Ornament, Scale & Ambiguity
Robert Venturi (Venturi, Scott Brown & Associates) & Denise Scott Brown (Venturi, Scott Brown & Associates)


Robert Venturi & Denise Scott Brown

©Monica Pidgeon

RV: Denise and I have spoken before of the 'decorated shed'. Our feeling that an appropriate building form for now is one where the form and the spatial quality of a building are very simple and very direct, very conventional, and where the aesthetic excitement comes from the ornament on the building, the pattern of the building , rather than the shape of the building and the structural articulation of the building. This allows for buildings that can be quite conventional in their methods of construction, that can be therefore standardised, that can be economical and their buildings no longer depend on their architectural excitement, as I said, deriving from fancy sculptural articulation. DSB: The work that we're interested in now and working on now, a lot of it contains pattern, and this came out of our earlier studies in symbolism and representation, and these ideas have been accepted by many people, and we see work not too different from what we would have done in many places that we visit, which is a change for us, a slightly hair raising change. But pattern as a device has not been generally taken up. We seem to remain one of the few firms that investigates the use of pattern in different ways and at different scales.


Molecular Biology Laboratory, Princeton University

©Venturi, Rauch & Scott Brown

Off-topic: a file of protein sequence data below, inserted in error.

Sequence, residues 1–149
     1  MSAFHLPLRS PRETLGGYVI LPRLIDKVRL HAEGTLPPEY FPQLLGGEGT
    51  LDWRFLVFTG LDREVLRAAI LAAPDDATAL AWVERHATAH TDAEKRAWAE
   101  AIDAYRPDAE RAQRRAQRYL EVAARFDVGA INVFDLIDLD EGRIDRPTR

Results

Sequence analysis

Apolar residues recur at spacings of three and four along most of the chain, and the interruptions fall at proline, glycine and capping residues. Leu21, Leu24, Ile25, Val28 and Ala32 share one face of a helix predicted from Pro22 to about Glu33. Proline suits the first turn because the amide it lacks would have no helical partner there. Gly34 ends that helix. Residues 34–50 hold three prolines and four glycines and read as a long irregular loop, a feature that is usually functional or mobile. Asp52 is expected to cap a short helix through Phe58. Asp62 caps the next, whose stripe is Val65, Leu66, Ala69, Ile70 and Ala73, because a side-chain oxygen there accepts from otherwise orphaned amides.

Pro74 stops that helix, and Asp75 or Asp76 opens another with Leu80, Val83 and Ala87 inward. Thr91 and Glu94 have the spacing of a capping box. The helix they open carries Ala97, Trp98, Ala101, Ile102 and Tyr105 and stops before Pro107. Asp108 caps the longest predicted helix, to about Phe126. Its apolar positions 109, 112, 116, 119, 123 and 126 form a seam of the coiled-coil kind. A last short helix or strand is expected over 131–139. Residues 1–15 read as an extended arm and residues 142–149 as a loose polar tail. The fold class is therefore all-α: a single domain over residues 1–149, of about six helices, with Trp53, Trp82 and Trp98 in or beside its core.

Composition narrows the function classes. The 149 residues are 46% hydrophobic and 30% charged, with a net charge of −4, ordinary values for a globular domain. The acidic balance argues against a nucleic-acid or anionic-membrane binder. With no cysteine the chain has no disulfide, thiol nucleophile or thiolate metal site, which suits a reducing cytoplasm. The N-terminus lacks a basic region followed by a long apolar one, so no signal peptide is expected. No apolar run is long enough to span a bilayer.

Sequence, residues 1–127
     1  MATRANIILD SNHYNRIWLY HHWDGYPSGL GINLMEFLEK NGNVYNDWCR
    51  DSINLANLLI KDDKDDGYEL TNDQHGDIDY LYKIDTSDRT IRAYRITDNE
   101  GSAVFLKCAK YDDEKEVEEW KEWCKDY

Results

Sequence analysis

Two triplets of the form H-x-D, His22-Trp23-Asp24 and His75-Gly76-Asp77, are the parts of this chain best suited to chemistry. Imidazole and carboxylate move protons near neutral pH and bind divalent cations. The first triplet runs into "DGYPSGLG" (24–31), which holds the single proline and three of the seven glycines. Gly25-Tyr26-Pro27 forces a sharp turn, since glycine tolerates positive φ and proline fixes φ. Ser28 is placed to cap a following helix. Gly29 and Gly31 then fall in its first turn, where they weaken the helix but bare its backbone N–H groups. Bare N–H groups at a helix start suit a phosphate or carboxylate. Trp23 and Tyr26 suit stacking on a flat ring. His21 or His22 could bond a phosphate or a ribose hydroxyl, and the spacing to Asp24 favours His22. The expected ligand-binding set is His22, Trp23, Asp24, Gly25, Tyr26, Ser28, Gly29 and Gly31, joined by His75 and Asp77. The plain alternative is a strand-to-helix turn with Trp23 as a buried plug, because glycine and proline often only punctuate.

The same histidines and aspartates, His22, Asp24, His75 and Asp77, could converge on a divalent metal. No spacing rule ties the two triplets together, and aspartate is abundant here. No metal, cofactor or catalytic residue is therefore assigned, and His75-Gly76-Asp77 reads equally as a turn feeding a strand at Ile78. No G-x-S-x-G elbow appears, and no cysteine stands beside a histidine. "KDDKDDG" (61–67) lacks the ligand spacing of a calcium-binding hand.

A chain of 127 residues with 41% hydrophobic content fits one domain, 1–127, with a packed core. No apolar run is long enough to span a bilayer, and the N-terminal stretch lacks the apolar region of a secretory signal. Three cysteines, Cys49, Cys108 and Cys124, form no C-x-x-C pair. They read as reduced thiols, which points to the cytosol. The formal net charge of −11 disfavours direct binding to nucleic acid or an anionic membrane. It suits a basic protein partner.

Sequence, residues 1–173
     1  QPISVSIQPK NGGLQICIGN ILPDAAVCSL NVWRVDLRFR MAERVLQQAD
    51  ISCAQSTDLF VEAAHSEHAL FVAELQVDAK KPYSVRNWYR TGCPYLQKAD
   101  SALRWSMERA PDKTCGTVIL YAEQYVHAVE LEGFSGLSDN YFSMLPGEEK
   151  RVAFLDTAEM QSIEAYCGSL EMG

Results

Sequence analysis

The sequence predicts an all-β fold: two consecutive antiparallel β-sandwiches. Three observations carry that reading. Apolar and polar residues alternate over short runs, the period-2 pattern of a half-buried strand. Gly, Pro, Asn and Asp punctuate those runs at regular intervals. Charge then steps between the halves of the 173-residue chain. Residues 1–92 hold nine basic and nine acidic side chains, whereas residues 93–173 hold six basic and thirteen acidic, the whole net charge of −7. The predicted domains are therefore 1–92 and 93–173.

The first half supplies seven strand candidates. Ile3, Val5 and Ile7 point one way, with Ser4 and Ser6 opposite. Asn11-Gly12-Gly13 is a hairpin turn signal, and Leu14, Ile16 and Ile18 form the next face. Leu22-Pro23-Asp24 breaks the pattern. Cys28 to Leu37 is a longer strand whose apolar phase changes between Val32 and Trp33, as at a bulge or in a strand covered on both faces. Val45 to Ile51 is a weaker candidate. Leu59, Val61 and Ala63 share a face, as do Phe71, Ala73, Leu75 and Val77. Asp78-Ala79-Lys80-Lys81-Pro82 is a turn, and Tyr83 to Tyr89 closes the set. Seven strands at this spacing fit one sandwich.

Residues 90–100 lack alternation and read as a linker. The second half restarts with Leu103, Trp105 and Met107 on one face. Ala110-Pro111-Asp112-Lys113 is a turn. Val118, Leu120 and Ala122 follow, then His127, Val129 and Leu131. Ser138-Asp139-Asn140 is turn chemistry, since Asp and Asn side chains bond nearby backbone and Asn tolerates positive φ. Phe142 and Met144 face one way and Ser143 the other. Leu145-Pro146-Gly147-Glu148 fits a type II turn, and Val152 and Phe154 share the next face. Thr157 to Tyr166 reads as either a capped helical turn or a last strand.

RV: The Molecular Biology Laboratory building at Princeton University is the project that is interesting us the most at the moment and that we're in the middle of. It's the biggest building we've ever designed. It's interesting because we're the architects responsible for the exterior design of the building. Payette and Associates of Boston, who are experts in research laboratories, are responsible for the interior of the building. We are very happy about this building also because it's the fourth or fifth or sixth project that we've received from Princeton University, so they obviously like the work we've done before. It's one of the most difficult projects we've ever had because, the way we've designed it, its architectural expression depends very much on pattern, on exterior pattern, and pattern is something that we have been advocating for a long time. On the other hand, pattern is very, very difficult to do. It's something none of us architects have any practice in, something that was thrown away at the beginning of this century, that element of architecture. And the pattern on this building is the thing which is giving it a great deal of its quality. It's especially interesting too because the interior requirements of the building require that it be very big, very long and essentially have a very boring shape, if not an awkward shape. The shape turns out to be almost that of a shoebox and the design requirements for flexibility inside demand that the building be rather severe on the outside. So we have had to, as it were, camouflage the awkwardness of the shape by the appliqué of different patterns.

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